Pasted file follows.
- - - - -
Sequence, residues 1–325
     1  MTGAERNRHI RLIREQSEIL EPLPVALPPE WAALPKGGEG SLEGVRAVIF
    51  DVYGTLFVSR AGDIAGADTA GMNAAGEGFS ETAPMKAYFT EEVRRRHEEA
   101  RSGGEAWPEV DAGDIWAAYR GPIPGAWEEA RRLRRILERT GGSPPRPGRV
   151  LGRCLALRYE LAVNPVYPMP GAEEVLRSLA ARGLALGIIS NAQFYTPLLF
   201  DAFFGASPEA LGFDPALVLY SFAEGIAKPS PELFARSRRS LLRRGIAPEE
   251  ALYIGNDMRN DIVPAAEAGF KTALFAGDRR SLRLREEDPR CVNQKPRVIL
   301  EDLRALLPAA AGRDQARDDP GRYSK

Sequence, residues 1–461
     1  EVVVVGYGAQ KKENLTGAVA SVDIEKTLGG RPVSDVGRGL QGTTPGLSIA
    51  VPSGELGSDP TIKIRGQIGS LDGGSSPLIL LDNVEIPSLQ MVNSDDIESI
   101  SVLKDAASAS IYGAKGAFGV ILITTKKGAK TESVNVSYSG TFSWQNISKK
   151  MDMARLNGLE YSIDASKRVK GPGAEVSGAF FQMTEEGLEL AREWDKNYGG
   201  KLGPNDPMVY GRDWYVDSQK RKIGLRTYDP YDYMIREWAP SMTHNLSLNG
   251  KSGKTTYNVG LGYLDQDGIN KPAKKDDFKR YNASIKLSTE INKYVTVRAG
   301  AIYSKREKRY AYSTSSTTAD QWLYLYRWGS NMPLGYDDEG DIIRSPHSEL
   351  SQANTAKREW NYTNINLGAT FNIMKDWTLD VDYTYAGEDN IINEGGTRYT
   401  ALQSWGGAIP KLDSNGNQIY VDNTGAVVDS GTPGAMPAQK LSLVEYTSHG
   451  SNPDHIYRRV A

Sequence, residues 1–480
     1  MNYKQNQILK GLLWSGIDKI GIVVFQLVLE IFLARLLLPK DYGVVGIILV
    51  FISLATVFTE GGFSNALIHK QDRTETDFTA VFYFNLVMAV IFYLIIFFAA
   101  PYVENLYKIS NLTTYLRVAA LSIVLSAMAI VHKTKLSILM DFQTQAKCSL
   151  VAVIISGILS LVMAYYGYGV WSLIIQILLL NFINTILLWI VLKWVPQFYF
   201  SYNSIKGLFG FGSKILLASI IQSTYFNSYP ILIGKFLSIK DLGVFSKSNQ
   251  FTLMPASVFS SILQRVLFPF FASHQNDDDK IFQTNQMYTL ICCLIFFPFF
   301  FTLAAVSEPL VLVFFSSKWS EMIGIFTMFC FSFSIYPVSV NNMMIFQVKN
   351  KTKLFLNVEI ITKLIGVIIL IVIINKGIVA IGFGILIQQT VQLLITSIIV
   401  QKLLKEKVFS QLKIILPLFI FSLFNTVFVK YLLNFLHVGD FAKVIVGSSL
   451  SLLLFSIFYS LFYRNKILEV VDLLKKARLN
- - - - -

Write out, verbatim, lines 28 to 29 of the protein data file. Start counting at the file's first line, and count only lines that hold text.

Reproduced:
   351  KTKLFLNVEI ITKLIGVIIL IVIINKGIVA IGFGILIQQT VQLLITSIIV
   401  QKLLKEKVFS QLKIILPLFI FSLFNTVFVK YLLNFLHVGD FAKVIVGSSL